Proces opracowywania szczepionki.

Proces opracowywania szczepionki.

As efforts to find an effective vaccine for SARS-CoV-2 ramp up, an immunologist warns that fast-tracking of clinical trials could be catastrophic.

A newly published commentary warns against the dangers of fast-tracking the clinical trials for finding a vaccine for SARS-CoV-2.

All data and statistics are based on publicly available data at the time of publication. Some information may be out of date.

Scientists around the globe are working to develop an effective vaccine for the novel coronavirus, SARS-CoV-2.

Until such a time, the world is reliant on physical distancing measures and personal protective equipment (PPE). Some countries are using ‘track and trace’ systems to monitor the movements of people and notify those who have been in contact with somebody diagnosed with COVID-19.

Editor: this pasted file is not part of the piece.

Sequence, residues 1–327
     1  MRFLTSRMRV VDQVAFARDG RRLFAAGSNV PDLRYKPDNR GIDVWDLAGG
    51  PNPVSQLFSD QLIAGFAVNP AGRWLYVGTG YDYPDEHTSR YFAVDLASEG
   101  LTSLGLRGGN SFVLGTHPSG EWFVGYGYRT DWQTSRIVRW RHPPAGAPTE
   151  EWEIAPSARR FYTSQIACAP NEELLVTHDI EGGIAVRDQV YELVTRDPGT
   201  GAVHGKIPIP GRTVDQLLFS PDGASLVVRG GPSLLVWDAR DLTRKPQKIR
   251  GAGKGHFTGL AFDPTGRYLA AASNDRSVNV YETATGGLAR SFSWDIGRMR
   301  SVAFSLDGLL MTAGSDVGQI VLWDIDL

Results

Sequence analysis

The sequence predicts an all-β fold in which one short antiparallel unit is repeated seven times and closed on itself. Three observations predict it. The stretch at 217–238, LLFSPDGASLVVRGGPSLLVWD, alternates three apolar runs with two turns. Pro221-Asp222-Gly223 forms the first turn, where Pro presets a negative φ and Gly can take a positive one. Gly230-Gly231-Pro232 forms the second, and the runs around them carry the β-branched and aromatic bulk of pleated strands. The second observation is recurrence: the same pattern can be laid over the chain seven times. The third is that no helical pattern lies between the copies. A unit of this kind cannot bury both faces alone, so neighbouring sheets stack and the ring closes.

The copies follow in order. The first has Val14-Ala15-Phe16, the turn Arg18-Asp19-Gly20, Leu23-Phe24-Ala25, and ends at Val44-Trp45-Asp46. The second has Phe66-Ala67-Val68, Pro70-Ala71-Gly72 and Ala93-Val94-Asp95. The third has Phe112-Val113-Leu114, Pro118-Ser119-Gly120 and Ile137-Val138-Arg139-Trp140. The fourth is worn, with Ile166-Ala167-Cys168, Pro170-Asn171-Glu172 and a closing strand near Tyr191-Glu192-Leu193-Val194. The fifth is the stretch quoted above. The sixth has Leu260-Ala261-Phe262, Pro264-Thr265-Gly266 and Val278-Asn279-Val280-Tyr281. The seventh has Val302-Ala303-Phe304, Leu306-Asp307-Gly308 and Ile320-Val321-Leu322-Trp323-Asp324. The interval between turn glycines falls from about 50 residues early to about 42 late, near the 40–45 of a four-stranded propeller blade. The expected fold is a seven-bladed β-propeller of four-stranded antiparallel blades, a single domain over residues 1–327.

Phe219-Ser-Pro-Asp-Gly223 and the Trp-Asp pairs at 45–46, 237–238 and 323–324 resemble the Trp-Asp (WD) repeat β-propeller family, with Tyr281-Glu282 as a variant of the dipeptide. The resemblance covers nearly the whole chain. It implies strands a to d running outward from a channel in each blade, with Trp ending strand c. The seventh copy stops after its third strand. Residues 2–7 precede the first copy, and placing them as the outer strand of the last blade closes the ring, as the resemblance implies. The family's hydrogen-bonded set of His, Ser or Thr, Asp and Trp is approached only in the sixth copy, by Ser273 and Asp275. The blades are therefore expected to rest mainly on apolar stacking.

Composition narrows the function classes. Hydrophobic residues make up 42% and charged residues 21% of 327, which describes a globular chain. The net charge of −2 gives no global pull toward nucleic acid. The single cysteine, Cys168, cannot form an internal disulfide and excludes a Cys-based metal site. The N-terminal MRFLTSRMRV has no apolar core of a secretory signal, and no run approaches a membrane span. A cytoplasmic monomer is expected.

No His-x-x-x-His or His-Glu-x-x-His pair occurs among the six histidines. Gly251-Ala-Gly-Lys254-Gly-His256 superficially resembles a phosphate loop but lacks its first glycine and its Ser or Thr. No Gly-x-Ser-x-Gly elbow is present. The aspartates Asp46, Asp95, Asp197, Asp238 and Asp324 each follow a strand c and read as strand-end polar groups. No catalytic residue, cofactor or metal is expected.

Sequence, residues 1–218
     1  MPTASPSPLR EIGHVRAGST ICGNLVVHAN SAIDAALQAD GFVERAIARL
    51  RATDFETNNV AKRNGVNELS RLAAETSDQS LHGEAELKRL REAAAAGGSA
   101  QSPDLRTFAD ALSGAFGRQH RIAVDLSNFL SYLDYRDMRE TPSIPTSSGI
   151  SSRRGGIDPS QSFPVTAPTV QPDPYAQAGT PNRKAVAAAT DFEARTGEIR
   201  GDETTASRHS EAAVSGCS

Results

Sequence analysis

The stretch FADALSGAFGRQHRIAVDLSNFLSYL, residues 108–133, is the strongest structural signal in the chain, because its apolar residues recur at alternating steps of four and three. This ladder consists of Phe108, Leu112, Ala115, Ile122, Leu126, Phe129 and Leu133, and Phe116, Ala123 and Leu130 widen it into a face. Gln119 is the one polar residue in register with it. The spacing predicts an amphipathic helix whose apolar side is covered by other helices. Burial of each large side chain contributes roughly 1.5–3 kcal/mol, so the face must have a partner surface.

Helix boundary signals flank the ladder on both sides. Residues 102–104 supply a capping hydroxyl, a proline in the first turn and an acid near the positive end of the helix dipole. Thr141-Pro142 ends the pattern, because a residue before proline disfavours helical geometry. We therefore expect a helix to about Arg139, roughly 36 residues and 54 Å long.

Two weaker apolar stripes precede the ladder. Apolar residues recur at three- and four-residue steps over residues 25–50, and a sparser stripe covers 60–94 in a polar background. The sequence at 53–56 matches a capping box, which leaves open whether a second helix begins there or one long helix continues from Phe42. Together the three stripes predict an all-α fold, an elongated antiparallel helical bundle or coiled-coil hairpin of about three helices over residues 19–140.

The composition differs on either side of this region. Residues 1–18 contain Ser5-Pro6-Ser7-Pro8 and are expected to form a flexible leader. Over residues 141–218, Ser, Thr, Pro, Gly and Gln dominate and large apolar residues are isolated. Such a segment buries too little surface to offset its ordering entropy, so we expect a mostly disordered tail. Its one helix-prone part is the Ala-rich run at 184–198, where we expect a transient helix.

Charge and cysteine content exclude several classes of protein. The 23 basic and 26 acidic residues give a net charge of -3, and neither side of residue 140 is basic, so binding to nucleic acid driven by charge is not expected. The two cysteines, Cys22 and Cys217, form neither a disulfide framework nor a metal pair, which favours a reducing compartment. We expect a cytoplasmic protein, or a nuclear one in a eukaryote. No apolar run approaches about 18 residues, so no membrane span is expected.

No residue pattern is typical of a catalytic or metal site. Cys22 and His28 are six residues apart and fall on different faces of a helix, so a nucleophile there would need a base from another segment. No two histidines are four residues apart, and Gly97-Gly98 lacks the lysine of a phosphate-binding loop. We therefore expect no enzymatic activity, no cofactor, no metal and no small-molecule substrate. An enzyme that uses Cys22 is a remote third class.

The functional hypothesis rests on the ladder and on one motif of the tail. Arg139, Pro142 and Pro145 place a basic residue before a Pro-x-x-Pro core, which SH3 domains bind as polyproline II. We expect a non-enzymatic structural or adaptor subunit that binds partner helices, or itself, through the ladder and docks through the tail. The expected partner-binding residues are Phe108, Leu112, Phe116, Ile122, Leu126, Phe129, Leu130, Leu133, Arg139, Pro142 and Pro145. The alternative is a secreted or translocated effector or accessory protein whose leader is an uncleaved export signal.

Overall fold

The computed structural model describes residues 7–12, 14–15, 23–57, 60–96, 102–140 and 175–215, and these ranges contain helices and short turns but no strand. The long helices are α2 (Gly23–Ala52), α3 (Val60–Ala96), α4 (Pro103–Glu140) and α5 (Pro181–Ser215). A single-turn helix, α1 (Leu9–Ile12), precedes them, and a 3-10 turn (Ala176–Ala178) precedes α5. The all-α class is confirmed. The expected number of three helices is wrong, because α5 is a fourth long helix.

Of course, a treatment for COVID-19 is also highly desirable. Gilead’s anti-viral drug remdesivir appears to accelerate recovery time in some people. The United States and the United Kingdom have now authorized its use as a treatment for people with COVID-19.

However, as remdesivir is a treatment, not a cure, and some clinical trial results show no significant benefit, a vaccine remains preferable.

Although a COVID-19 vaccine is urgent, scientists cannot rush the development process. In a recent editorial, immunologist and deputy editor of the journal Science Advances Dr. Douglas J. Green explains why bypassing essential clinical trial stages for any such vaccine could be ‘catastrophic.’



Some experts have also advocated for ‘fast-tracking’ some clinical trial stages. They suggest that evidence that a vaccine triggers the production of neutralizing antibodies could be sufficient to progress to widespread implementation.

The article in Science Advances warns that this route could be dangerous and says scientists must conduct comprehensive safety tests for any potential vaccine.


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